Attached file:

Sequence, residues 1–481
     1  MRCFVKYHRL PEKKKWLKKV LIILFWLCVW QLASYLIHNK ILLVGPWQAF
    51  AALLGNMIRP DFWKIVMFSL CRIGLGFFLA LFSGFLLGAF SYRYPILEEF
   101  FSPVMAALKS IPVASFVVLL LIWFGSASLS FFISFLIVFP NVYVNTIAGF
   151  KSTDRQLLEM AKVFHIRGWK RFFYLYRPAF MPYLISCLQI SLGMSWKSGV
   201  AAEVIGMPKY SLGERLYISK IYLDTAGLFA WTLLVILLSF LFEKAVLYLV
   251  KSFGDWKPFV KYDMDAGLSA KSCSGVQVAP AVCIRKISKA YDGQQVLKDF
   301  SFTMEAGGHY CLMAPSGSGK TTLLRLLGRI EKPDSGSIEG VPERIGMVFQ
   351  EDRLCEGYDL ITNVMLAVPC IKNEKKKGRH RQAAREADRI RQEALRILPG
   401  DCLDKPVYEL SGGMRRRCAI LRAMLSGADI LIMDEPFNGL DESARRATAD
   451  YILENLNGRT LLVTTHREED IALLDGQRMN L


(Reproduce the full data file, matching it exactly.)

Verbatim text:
Sequence, residues 1–481
     1  MRCFVKYHRL PEKKKWLKKV LIILFWLCVW QLASYLIHNK ILLVGPWQAF
    51  AALLGNMIRP DFWKIVMFSL CRIGLGFFLA LFSGFLLGAF SYRYPILEEF
   101  FSPVMAALKS IPVASFVVLL LIWFGSASLS FFISFLIVFP NVYVNTIAGF
   151  KSTDRQLLEM AKVFHIRGWK RFFYLYRPAF MPYLISCLQI SLGMSWKSGV
   201  AAEVIGMPKY SLGERLYISK IYLDTAGLFA WTLLVILLSF LFEKAVLYLV
   251  KSFGDWKPFV KYDMDAGLSA KSCSGVQVAP AVCIRKISKA YDGQQVLKDF
   301  SFTMEAGGHY CLMAPSGSGK TTLLRLLGRI EKPDSGSIEG VPERIGMVFQ
   351  EDRLCEGYDL ITNVMLAVPC IKNEKKKGRH RQAAREADRI RQEALRILPG
   401  DCLDKPVYEL SGGMRRRCAI LRAMLSGADI LIMDEPFNGL DESARRATAD
   451  YILENLNGRT LLVTTHREED IALLDGQRMN L